A shoe. A doll. A couch cushion. On a given day, any, or all of these can be an appealing option for one’s canine friend. And while seeing the chomped and mangled remains of your household items might be upsetting, until May 11th, 2022, Milk-Bone and Leo Burnett Toronto are trying to ease the sting with their new execution, ‘Chewpons’.
Inviting Canadians to post photos of their chewed-up things on social media, Milk-Bone wants to offer those who do a $2.50 coupon that can be spent on one of the company’s products - replacing the destroyed object with something that’s actually meant to be chewed.
For Adam Zitney, the VP marketing of Smucker Foods of Canada (Milk-Bone’s parent company), ‘Chewpons’ was a great way to show consumers that Milk-Bone actually understands what dog owners experience. “We wanted to create a program that showed Milk-Bone doesn’t just understand the many facets of life with your dog, but rewards the unconditional love pet parents have through it all,” he says. “‘Chewpons’ are a great way to take the sting out of finding another chewed thing and turn it into something that your dog will love.”
‘Chewpons’ actually represents the continuation of Smucker and Leo Burnett’s campaign to position Milk-Bone as “the advocate that will stand up for every dog.” Previously, Milk-Bone had run other executions themed around the importance of letting dogs chew things in a harmless manner, including a mock-PSA which defended a dog’s right to chew, and a print execution that mimicked the style of home décor and furniture ads to show the price of not buying Milk-Bone treats.
However, the difference between ‘Chewpons’ and prior initiatives is the fact that this latest campaign actively invites consumer participation. By giving those who share photos of dog-induced destruction the chance to feature on Milk-Bone’s social media, (either on Instagram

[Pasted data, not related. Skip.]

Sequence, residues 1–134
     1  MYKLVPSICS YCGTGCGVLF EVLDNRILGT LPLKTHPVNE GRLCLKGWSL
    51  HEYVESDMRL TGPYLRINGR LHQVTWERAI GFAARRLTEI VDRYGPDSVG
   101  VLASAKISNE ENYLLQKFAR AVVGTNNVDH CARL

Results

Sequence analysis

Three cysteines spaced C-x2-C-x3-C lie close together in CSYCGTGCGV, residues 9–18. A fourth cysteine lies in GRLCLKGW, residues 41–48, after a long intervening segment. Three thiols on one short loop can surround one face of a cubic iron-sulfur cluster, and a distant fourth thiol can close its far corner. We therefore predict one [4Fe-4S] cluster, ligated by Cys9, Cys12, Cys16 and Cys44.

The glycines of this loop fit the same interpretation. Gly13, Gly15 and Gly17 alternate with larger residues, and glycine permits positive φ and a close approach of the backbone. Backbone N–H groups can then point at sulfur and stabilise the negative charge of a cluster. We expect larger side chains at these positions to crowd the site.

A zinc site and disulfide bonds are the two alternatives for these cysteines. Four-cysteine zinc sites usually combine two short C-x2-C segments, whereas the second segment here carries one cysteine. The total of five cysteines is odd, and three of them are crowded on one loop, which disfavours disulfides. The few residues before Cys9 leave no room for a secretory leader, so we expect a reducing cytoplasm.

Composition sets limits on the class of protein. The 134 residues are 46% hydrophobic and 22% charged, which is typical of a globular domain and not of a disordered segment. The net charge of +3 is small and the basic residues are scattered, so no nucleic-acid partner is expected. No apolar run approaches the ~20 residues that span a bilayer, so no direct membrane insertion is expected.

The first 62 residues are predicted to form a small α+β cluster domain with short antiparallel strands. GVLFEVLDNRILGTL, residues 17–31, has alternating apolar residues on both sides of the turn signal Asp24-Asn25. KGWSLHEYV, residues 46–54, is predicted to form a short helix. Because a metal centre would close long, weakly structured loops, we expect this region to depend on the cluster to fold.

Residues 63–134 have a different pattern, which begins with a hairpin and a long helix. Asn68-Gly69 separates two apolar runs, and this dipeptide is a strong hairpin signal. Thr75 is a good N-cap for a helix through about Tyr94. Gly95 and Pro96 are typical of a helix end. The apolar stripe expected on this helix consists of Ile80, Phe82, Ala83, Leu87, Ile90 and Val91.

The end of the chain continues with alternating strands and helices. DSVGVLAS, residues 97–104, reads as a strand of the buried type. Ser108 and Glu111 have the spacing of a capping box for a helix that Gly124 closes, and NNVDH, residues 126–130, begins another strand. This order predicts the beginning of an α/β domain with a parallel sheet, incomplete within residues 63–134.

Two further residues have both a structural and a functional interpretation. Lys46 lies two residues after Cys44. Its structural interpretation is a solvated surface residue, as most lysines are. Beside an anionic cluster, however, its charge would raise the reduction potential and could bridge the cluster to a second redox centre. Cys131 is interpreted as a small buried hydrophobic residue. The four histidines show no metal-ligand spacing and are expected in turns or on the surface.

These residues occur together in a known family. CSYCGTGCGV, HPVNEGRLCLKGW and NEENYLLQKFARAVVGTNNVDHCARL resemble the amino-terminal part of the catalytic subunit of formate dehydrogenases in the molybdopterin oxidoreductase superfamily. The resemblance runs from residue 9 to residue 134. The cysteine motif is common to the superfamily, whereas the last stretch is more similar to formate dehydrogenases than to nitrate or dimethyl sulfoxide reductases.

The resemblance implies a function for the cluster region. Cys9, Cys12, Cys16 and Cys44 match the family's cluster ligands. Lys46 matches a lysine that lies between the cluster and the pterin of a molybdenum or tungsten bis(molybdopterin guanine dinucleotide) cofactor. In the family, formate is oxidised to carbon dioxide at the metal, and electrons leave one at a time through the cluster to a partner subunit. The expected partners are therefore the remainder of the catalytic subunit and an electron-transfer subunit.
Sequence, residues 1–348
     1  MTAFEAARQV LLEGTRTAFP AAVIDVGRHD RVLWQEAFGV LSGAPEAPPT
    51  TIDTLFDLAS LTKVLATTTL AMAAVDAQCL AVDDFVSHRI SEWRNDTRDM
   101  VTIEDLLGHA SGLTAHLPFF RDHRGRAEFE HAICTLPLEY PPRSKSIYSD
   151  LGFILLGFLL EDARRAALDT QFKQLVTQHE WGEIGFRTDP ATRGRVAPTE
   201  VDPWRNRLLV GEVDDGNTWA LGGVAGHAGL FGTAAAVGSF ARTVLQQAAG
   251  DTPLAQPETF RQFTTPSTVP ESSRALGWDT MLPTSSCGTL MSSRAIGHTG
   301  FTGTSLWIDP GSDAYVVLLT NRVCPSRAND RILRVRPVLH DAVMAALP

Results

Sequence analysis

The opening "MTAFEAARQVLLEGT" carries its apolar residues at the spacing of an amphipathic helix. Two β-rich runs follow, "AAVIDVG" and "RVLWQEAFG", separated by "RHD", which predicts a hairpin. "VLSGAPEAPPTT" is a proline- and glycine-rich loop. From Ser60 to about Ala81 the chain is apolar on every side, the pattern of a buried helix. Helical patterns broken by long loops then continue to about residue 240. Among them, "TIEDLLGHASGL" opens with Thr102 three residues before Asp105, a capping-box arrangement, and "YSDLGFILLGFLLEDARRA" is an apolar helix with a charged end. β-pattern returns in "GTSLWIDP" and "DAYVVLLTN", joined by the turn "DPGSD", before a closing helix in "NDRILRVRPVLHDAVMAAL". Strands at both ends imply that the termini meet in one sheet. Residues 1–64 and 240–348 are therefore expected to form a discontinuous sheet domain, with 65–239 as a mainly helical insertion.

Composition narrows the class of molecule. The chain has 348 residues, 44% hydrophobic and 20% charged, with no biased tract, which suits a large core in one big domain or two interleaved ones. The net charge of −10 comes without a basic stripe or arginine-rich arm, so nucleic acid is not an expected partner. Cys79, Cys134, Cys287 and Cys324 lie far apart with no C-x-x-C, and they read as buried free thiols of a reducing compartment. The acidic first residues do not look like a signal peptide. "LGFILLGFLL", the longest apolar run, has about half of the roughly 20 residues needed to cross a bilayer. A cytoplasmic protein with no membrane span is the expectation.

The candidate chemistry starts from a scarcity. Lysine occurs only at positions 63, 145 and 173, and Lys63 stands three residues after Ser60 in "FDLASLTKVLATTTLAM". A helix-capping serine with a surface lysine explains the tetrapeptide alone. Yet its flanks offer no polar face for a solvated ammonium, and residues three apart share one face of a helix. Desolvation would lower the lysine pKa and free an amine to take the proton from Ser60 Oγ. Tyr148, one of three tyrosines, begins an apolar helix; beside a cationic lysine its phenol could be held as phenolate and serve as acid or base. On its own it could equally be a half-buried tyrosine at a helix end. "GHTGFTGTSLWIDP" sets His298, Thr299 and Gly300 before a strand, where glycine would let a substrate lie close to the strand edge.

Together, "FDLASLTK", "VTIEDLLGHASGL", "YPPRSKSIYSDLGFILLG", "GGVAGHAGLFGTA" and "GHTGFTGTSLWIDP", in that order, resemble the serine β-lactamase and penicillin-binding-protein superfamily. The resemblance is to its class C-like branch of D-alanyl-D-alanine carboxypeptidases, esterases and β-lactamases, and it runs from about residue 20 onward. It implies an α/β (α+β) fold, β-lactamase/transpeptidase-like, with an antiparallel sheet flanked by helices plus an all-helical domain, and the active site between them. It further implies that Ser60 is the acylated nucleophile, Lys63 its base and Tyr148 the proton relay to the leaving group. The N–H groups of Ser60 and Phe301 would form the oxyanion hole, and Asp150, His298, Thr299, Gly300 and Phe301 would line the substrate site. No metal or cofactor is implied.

), Adam believes that this collaboration represents the latest and best from the Smucker-Leo Burnett relationship.
“Building off a compelling insight and a different approach to advertising in the category [is important],” Mark says. “We have extended this thinking to coupon dissemination in a fashion that we believe is social, shareable and PR-able.”
Adam adds that this social media aspect has led to some unforgettable images being shared. In particular, photos of chewed-up passports stand out in his mind. “I couldn’t imagine the pain of a chewed-up passport,” he says. “Every time I see a picture of one, I can feel it.”
Another key aspect of the ‘Chewpons’ project was the three-way collaboration between Smucker, Leo Burnett and award-winning photography duo SATY+PRATHA
, who captured promotional content leading up to the official release. For Adam, this relationship was vital. The fact that the different parties each brought their own unique perspectives ensured that the final product was the result of thorough planning.
“We look for partners that operate as an extension of our own team, which includes having a relentless drive for new ideas that can unlock growth in the business,” Adam says. “This allows us to push each other into areas of discomfort and have healthy debate (which can sometimes spawn the best ideas), and work collaboratively on crafting and executing with excellence. As usual, these expectations were delivered through this collaboration.”
But the collaboration was good for more than just the creation of the ad. According to Adam, the first creative presentation struck a chord with both the brand team and the team at Leo Burnett, who all had hilarious, albeit horrifying stories of dog-induced destruction.
Leo Burnett copywriter Aisling Penco, for example, remembered the time Hazelnut - her pup - chewed up her debit card. “She was maybe six months old and there were little holes poked through the card,” Aisling says. “It sort of worked but when we went to the bank, they said it was not the most mangled card they saw that day!”
Meanwhile, creative director Kohl Forsberg recalled when Dutch, his dog (who was still a puppy at the time) got into his daughter’s doll collection. “It was not a pretty sight, and it called for a swift, expensive trip to the store to stop the tears,” he adds.
Thus far, it seems like a good many Canadians have shared Aisling and Kohl’s experiences. Pictures ranging from shredded stuffed animals to the heartbreaking sight of a damaged new sofa have come pouring in on social media.
And for Adam, the success of the ‘Chewpons’ signals the possibility for a follow-up campaign down the line. As he says, “We are always looking to test new ways forward to see if we can scale ideas more broadly, either within Milk-Bone or executing something similar across our other categories.”